The Thursfields’ house, which sits among the paddies in southern Ibaraki Prefecture, about 45 minutes from central Tokyo, had been deserted after the previous owner’s family refused to inherit it upon the owner’s death.
The local municipality took over the property and put it up for auction with a 5 million yen (S$50,000) minimum bid, but it failed to sell.
When it landed on the block again, Mr Thursfield decided to try his luck. After giving it a quick inspection with an architect friend and finding no major issues despite the years of neglect, he nabbed the house for 3 million yen.
Houses in Japan typically decrease in value over time until they are worthless – the cultural legacy of post-World War II construction and shifting building codes – with only the land retaining value.
Owners feel little incentive to maintain an ageing house and buyers often seek to demolish them and start fresh. But that can be expensive.
Others aim to preserve what is there.
“There was no way we wanted to knock it down and build something new. It was too beautiful. So, we decided to renovate instead,” the Thursfield family said.
“I’ve always been someone who likes to jump in the deep end, take a few risks and learn new things, so I was confident that we would manage somehow.”
Since buying the farmhouse in 2019, the couple has spent about US$150,000 on renovations, and there is more to do. The Thursfield family has documented the project on YouTube, drawing more than 200,000 subscribers.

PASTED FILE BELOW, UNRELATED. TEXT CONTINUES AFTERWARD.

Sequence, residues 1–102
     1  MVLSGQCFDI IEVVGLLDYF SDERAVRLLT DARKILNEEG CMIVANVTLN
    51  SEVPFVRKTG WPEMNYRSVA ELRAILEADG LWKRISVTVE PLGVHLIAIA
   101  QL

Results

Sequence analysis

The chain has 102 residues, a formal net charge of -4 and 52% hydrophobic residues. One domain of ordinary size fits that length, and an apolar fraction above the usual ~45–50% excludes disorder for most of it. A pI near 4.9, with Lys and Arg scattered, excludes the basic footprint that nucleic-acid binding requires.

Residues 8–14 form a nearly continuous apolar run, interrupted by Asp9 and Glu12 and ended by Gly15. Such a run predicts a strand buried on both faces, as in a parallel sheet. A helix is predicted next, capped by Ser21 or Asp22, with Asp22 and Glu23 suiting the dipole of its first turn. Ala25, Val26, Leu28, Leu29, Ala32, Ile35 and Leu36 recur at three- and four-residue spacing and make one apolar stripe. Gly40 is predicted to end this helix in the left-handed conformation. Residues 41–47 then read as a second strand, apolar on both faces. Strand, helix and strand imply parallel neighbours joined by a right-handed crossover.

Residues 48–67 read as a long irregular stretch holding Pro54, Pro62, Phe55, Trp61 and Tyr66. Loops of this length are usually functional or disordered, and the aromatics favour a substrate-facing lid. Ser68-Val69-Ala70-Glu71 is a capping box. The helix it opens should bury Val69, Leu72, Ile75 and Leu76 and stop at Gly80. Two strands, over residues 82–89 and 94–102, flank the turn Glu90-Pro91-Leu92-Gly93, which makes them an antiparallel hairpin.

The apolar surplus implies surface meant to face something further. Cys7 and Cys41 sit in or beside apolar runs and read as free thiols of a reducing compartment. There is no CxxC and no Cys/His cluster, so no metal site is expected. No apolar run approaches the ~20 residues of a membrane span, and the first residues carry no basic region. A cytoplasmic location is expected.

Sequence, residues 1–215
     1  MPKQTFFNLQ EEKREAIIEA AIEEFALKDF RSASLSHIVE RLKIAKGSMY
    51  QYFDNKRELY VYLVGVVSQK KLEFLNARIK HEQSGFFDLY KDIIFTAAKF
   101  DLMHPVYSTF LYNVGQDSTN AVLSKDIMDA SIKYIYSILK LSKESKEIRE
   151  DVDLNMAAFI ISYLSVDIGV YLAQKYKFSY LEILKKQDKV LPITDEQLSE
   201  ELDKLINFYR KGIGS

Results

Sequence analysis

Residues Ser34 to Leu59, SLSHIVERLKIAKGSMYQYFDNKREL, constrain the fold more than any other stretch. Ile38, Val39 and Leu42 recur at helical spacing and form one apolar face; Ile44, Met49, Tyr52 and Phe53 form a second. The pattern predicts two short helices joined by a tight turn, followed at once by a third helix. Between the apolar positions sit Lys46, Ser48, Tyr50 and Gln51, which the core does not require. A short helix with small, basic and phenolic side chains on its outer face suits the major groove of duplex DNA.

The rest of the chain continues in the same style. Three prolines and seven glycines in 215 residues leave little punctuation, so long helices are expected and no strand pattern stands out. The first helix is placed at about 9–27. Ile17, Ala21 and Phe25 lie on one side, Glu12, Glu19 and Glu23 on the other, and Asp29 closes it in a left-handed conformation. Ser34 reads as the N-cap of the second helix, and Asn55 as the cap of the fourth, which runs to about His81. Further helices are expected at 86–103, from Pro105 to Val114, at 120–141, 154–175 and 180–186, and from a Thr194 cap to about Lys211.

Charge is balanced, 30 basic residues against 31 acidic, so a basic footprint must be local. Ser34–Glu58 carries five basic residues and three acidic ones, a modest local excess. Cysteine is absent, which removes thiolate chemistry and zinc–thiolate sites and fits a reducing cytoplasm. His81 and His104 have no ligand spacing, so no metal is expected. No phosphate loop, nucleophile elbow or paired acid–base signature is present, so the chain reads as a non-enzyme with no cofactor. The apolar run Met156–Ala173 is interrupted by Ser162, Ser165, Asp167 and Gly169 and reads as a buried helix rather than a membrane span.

While the Thursfields’ house had been abandoned by the previous owner’s heirs, some home owners died without ever naming an inheritor.
Others leave their properties to relatives who refuse to sell family land out of respect for their elders, leaving the house to wither.
“In rural areas, there is a long history of ancestral owners of akiya living in the houses and on the land,” said Mr Kazunobu Tsutsui, a professor of rural geography and economics at Tottori University who lives in a renovated akiya built more than a century ago.
“Therefore, even after moving to the city, families will not give up their akiya easily.”
Now, officials on both local and national levels are taking steps to give them a push.
“Poorly maintained akiya can mar the scenery as well as endanger residents’ lives and property if they collapse,” said Mr Kazuhiro Nagao, a city official in Sakata, along the west coast, where heavy snowfall can damage unattended structures.
“We’re partly subsidising demolitions, collecting neighbourhood association reports on akiya and trying to make owners aware of the problem by holding briefings”.
Akiya are increasingly seen not just as a threat to suburban and rural markets but to the emotional health of the country, sparking family disputes over inherited properties.
That, in turn, has led to a cottage industry of akiya consultants like Mr Takamitsu Wada, chief executive of Akiya Katsuyo, who acts as a counsellor for squabbling relatives, often urging them to act before their properties become a lost cause.
“In many cases, the parents die without making clear their wishes regarding the family home, or they develop dementia and find it difficult to discuss these things,” Mr Wada said.
“In such cases, the children may feel guilty about getting rid of the family home and may often choose to leave it unoccupied.”
Municipalities across Japan are also compiling listings of vacant houses for sale or rent.
Known as “akiya banks”, they are often bare-bones webpages with a few underwhelming photos.
Some have partnered with companies like At Home, which currently lists akiya in 658 of Japan’s 1,741 municipalities.
“Akiya banks are run by municipal office workers, the majority of which often do not have any experience in real estate,” said Mr Matthew Ketchum, a Pittsburgh native and co-founder of Akiya & Inaka, a Tokyo-based real estate consultancy.
“The existing solutions do not align with the needs of modern buyers and sellers.” Mr Ketchum’s firm is one of several that have sprung up to capitalise on the akiya glut, matching vacant homes with curious buyers.